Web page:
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Fear and hatred lead to addiction and block learning ability

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Fear, anxiety, shame, guilt and hatred are all negative emotions that create unhealthy sates of attachment. Holding on to any of those painful or dishonorable emotional states will shut down the brain's ability to learn. That's according to Dr. Jennifer Wyman-Clemons who is on a mission to help people live more healthfully and whole.
Wyman-Clemons is board-certified in holistic and integrative medicine (ABHIM), allergy and immunology (ABAI), and internal medicine. At her practice, she treats the body, mind, emotions as well as family dynamics and spiritual wellness. Yet if a patient needs traditional medications, she is fully qualified to prescribe them.
Wyman-Clemons is building her own Ideal medical practice, patterned after the brainchild of Pamela Wible, MD. Wible had been reaching out to depressed physicians for a few years, piecing together America's dirty secret about physician-suicide. Then, when she herself became depressed, Wible started receiving letters from patients who wanted better medical care from more nurturing physicians.
So Wible began shifting away from traditional healthcare, with all its abuses, to engage her patient-community at town hall meetings. She aspired to learn what they needed from her, their healthcare provider.
Similarly, Wyman-Clemons is holding town hall meetings and is teaching better life skills now so her patients can rely on medications less. "Overemphasizing the medical approach to things, which has been going on for a while, is missing the big picture," Wyman-Clemons said.
Wyman-Clemons knows about the big picture because she was homeless when she was just 10 years old. She had run away from abuse and ended up in foster care when she was 14. She readily admits that she had a lot of self-esteem issues going into adulthood as a result.
She went through twelve step programs and psycho-analysis and admits it helped but it wasn't until much later, when she was enduring a lot of back pain and needed surgery and realized each time her back would flare up that traditional medicine was really not working.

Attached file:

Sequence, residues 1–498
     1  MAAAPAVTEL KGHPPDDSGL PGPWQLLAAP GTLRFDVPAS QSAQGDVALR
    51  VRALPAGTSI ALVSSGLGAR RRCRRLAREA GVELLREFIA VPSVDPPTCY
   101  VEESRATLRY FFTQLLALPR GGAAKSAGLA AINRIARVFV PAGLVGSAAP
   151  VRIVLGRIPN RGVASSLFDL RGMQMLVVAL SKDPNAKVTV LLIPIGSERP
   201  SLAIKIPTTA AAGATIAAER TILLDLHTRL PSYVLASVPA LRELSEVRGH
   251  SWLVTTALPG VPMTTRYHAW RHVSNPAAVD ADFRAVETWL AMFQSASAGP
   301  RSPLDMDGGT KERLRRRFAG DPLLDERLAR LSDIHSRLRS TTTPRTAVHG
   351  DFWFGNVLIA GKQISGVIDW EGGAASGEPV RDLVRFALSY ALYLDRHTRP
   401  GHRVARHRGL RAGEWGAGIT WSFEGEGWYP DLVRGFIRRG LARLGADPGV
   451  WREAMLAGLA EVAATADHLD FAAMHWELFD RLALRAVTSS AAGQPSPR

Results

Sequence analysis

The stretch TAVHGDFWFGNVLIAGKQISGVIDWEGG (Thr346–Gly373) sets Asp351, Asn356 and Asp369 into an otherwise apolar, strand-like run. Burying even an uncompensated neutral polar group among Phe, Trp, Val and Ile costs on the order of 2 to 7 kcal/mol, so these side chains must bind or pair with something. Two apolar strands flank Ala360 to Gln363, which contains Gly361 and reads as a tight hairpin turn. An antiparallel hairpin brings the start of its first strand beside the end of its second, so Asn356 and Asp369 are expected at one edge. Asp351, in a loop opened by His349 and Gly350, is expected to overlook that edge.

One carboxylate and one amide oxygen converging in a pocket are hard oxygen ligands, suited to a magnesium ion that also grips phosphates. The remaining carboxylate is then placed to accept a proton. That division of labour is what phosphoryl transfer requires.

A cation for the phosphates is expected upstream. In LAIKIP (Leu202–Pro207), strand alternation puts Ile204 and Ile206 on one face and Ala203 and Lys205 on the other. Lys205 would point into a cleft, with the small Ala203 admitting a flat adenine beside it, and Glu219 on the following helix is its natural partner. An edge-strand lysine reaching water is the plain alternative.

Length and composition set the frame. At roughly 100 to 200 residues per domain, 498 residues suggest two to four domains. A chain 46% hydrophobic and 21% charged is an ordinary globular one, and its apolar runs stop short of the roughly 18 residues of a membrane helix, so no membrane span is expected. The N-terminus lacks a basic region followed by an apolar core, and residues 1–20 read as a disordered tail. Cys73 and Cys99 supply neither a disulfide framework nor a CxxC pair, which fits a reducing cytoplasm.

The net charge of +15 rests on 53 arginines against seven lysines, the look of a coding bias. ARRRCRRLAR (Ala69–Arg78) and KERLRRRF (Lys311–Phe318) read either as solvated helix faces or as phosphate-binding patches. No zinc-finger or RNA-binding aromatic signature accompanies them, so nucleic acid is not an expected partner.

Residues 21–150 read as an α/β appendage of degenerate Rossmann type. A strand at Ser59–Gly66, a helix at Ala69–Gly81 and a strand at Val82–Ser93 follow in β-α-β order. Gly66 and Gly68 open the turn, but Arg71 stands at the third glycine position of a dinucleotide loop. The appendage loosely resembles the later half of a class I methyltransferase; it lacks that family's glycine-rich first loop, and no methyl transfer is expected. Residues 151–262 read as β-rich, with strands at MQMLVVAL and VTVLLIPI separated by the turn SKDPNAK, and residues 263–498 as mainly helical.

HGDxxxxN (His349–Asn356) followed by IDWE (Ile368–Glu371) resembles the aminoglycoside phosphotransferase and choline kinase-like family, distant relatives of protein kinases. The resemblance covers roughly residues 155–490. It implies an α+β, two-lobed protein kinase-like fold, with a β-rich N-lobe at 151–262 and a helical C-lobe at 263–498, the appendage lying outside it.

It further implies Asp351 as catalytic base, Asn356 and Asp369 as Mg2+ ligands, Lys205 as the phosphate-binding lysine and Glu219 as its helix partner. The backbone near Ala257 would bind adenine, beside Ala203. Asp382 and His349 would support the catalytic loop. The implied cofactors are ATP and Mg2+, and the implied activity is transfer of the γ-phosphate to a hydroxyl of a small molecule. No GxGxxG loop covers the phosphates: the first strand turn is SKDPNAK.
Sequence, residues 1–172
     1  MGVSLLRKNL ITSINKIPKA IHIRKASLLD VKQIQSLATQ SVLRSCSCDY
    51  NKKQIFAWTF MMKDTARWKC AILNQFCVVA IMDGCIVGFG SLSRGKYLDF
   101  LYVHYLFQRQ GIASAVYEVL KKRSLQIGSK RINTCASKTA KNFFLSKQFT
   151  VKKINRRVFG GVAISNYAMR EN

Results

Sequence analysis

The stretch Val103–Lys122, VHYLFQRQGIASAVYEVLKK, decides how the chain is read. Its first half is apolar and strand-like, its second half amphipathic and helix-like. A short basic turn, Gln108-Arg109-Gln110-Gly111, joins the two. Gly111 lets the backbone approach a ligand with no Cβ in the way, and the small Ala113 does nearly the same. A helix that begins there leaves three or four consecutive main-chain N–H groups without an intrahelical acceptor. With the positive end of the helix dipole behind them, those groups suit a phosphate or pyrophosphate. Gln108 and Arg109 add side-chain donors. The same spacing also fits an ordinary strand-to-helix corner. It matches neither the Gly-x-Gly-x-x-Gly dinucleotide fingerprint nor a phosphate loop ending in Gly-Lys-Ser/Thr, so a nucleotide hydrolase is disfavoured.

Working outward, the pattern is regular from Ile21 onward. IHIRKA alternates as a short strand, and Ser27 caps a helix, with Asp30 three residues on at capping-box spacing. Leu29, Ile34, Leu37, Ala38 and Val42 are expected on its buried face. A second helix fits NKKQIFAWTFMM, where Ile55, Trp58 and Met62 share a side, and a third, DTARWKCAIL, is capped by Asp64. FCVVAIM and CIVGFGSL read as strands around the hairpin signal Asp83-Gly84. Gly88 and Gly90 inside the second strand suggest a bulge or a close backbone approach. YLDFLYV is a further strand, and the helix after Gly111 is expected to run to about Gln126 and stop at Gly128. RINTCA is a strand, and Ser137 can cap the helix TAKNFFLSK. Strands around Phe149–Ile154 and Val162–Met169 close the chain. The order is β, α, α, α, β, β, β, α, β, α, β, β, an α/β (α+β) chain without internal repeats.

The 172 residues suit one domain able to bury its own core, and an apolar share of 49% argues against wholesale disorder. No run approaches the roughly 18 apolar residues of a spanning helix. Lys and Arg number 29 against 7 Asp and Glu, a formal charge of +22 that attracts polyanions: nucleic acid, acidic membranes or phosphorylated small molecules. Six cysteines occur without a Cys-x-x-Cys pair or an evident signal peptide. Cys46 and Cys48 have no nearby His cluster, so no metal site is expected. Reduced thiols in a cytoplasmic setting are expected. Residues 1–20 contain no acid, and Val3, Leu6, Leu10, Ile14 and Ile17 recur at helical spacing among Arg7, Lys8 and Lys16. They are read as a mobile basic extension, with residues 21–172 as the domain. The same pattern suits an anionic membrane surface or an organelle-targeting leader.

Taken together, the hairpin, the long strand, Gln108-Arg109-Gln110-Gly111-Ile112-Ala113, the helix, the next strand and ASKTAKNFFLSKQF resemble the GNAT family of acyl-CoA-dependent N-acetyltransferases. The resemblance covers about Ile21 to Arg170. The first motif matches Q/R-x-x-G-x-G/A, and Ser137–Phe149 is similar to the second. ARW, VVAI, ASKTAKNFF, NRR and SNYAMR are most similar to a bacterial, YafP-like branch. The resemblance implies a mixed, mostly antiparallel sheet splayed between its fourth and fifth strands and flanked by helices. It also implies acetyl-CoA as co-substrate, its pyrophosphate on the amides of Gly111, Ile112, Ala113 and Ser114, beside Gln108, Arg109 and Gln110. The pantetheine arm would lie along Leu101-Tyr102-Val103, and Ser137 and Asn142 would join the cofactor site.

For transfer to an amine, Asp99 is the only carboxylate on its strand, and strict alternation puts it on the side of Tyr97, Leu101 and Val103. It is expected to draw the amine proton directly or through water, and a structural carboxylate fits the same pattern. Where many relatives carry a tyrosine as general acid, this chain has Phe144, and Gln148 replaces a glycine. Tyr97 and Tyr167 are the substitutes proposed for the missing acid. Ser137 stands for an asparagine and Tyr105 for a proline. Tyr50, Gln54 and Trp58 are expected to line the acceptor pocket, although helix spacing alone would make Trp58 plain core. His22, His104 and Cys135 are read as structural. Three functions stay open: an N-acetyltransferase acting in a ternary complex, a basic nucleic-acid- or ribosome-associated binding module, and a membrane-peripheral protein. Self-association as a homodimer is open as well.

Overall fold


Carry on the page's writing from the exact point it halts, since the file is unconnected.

So she started looking into alternative healing. That's when she attended Reiki master training, with William Rand, in Seattle and had deeply spiritual experiences in trance where she revisited her childhood experiences of rejection and abuse.
Wyman-Clemons said the psychoanalysis she had received earlier with the 12-step programs were absolutely helpful, but none of those talked about love. "Reiki is all about channeling unconditional love from masters," she said.
"I know that just being hugged for 18 seconds is enough to release oxytocin and open that path to healing," she said.
"I could never look at a patient as being separate from me or as being better or worse from me because we're all light beings," she said.
Wyman-Clemons spoke about a number of lesser-known causes for disease and said when a person hangs on to negative emotions, the body is kept in an acute stress-response state, or the framework known as "fight or flight." When that happens, health is negatively impacted.
Wyman-Clemons said the brains of those experiencing chronic fear and anger are shown in brain scan studies to have larger amygdalae. That's in contrast to people who use abstract thinking more, and employ rationalization instead of fear. They have smaller amygdalas.
Yet hope is not lost. "Meditation has been shown to facilitate sense of wellness and it will shrink the amygdala and improve brain function," Wyman-Clemons said.
"To make one minor lifestyle change, when you change a perspective, such as alter a relationship or switch something in diet, then every molecule and cell of your being, including your body's enzymes, must suddenly adapt to accommodate that change," Wyman-Clemons said.
"Change has an impact on thyroid function, on adrenal function, on thymus function, all these glandular functions that really do have a strong impact on our health," Wyman-Clemons said.
When someone stops smoking, for example, the body must adjust to lower toxin levels and even the nerves must realign to find a new equilibrium without that nicotine.
Wyman-Clemons said if someone who inherited a fear of crowds can choose to stop reacting to their body's fight or flight responses, and the doctor has detailed advice for how patients can do that, then they can take control when breathing too fast, or suffering panic attacks, and can simultaneously begin to improve their brain's biology so it doesn't keep happening.
To contact Wyman-Clemons, call (253) 278-3111. Also visit

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